Senate chambers empty as Ford hearing draws crowd

Lieutenant Governor John Wilder and four others were the only ones to warm seats in the Tennessee State Senate Wednesday. Many others were at federal court in Memphis, even though they didn't have to be.

"Legally, no one was required to be here but four of us who were subpoenaed," says Senator Steve Cohen, Democrat of Memphis.

Technically, all of the others could have stayed in Nashville to continue their special session on ethics.

"I wanted to be here to hear the arguments--after all, we are going to have to go back and finish up this business," says Sen. Diane Black, Republican of Hendersonville.

"Some couldn't be--but those who could were here and I think that is very important," says Republican Sen. Curtis Person of Memphis.

Republican leader Ron Ramsey cites solidarity among his party.

"Three of our colleagues were subpoenaed and I thought we should be here for their support," says Ramsey.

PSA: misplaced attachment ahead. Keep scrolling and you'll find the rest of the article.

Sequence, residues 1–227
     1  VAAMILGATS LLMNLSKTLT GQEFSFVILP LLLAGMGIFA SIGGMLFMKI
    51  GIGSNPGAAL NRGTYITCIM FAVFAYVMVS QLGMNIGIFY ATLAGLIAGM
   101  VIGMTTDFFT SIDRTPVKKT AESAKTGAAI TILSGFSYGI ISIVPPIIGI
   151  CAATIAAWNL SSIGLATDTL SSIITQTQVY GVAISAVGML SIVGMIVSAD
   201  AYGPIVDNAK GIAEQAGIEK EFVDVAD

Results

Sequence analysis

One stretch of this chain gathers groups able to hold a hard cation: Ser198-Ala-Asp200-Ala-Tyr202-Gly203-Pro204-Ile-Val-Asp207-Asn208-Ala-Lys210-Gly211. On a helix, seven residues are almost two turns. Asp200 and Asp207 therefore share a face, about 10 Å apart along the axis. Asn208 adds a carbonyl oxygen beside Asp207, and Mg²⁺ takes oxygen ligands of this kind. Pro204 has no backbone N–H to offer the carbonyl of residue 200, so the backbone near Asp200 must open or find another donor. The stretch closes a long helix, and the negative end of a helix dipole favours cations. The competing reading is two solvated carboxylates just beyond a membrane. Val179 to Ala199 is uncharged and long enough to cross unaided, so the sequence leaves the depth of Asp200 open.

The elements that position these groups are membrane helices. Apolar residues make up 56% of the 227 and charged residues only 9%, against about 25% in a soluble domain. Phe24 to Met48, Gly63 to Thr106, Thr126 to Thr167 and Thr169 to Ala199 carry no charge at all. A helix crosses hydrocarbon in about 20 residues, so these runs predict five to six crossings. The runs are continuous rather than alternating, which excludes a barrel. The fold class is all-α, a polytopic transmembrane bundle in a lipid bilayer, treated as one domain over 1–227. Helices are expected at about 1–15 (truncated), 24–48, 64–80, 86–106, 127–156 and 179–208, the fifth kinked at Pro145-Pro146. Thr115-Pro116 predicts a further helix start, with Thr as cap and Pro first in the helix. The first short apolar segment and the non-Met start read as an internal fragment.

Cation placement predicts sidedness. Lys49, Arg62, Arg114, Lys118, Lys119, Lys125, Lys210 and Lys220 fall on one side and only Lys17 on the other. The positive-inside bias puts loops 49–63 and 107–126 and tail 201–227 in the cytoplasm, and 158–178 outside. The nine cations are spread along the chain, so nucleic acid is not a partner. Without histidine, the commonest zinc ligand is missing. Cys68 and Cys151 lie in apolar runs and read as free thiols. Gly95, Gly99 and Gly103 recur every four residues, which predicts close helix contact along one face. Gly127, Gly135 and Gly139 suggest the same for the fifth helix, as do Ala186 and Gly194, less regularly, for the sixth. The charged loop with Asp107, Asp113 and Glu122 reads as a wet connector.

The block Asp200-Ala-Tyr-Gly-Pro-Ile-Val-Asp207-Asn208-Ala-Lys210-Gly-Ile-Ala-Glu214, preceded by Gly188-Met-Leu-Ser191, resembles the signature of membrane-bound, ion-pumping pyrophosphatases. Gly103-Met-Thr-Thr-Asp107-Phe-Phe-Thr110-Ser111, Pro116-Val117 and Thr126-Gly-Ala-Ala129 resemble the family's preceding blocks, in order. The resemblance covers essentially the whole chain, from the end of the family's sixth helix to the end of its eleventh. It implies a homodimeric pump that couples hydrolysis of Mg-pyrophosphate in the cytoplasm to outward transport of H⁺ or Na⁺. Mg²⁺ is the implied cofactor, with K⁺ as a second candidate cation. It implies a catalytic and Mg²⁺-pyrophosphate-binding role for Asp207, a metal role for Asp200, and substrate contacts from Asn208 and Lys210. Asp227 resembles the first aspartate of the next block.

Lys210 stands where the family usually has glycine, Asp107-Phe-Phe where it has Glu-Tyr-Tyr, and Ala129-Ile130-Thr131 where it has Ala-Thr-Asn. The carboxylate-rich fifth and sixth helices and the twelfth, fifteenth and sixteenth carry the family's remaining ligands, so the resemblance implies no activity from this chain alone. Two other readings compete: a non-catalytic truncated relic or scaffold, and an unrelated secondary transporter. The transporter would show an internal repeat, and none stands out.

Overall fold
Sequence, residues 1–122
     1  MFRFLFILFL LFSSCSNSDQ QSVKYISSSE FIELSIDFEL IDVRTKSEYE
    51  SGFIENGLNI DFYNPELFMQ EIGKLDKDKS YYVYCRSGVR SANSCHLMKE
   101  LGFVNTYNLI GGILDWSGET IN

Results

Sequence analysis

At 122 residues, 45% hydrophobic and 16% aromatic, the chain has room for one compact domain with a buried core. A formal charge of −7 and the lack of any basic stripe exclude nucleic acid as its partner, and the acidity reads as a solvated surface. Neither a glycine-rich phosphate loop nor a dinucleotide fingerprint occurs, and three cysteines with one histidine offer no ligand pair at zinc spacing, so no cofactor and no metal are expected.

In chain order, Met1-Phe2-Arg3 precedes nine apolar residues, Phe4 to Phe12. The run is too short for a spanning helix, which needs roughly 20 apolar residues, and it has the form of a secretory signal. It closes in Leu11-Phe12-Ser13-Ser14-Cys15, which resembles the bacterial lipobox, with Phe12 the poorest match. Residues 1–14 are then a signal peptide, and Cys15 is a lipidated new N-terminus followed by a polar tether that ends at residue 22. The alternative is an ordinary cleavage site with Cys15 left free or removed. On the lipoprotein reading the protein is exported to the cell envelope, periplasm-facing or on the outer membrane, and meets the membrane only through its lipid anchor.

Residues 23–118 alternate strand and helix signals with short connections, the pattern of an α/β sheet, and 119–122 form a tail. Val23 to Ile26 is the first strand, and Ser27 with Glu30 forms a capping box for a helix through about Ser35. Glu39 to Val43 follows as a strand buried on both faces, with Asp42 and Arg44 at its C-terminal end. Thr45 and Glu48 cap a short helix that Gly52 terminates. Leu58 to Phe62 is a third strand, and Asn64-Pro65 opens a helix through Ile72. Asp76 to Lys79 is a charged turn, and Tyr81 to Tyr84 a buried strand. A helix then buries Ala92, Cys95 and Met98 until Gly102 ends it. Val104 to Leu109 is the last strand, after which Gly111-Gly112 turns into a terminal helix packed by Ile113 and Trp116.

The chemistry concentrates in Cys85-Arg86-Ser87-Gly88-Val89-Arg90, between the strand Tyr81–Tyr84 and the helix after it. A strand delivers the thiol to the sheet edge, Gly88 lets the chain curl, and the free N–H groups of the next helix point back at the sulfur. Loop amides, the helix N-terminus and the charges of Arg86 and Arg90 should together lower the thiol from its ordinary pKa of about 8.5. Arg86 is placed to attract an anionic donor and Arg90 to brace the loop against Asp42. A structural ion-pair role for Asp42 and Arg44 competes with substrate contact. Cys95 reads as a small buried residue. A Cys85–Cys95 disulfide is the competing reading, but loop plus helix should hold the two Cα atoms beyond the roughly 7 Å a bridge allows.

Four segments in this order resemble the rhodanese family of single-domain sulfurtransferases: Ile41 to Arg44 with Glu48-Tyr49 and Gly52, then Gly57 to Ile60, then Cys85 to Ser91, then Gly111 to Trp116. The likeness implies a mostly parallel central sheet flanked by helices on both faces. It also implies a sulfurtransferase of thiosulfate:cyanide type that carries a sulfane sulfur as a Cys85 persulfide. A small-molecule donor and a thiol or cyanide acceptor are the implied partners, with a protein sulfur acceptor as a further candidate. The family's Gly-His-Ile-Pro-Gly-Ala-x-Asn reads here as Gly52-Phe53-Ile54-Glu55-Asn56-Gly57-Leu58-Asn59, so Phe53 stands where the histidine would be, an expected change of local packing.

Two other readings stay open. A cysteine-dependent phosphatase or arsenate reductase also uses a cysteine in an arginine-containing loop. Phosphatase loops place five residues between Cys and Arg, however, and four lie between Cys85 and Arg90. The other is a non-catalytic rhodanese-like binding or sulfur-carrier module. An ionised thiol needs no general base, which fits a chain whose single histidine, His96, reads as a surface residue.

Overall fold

Cohen suspects Republicans are thinking more about politics than moral support.

"Right now, the Republicans have a numerical majority but not a working majority--and if they could change one vote they'd have a working majority," says Cohen.

Subpoenaed or not, Republicans consider themselves co-defendants in this case since they voted to oust Ophelia Ford.

"Obviously, I stated on the floor a week ago, if I had my druthers I would be in Nasvhille representing my constituents there," says Republican Sen. Mark Norris of Collierville.

"Hopefully, we will have session tomorrow--my fellow Senators will go back to Nashville and convene at 9:00 in the morning," says Cohen.

Senators tell Action News 5 that taxpayers did not have to foot the bill for their day-trip to Memphis. They say they don't get to claim expenses when they're not working in Nashville.